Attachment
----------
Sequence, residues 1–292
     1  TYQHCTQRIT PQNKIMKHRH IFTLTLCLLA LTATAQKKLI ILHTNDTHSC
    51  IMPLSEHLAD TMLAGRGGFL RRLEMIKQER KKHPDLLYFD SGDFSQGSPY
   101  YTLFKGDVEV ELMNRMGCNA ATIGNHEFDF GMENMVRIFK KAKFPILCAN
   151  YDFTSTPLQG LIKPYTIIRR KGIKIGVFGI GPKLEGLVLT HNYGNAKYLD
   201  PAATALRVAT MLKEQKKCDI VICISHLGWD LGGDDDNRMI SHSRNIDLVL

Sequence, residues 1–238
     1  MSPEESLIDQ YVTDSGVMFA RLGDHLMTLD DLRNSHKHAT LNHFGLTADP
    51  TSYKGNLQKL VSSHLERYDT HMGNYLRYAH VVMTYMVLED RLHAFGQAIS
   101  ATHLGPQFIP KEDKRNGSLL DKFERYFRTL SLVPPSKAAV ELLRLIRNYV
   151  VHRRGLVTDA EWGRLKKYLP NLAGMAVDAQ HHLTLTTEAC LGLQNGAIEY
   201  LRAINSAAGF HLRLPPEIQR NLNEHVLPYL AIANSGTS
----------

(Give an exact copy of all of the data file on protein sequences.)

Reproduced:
Sequence, residues 1–292
     1  TYQHCTQRIT PQNKIMKHRH IFTLTLCLLA LTATAQKKLI ILHTNDTHSC
    51  IMPLSEHLAD TMLAGRGGFL RRLEMIKQER KKHPDLLYFD SGDFSQGSPY
   101  YTLFKGDVEV ELMNRMGCNA ATIGNHEFDF GMENMVRIFK KAKFPILCAN
   151  YDFTSTPLQG LIKPYTIIRR KGIKIGVFGI GPKLEGLVLT HNYGNAKYLD
   201  PAATALRVAT MLKEQKKCDI VICISHLGWD LGGDDDNRMI SHSRNIDLVL

Sequence, residues 1–238
     1  MSPEESLIDQ YVTDSGVMFA RLGDHLMTLD DLRNSHKHAT LNHFGLTADP
    51  TSYKGNLQKL VSSHLERYDT HMGNYLRYAH VVMTYMVLED RLHAFGQAIS
   101  ATHLGPQFIP KEDKRNGSLL DKFERYFRTL SLVPPSKAAV ELLRLIRNYV
   151  VHRRGLVTDA EWGRLKKYLP NLAGMAVDAQ HHLTLTTEAC LGLQNGAIEY
   201  LRAINSAAGF HLRLPPEIQR NLNEHVLPYL AIANSGTS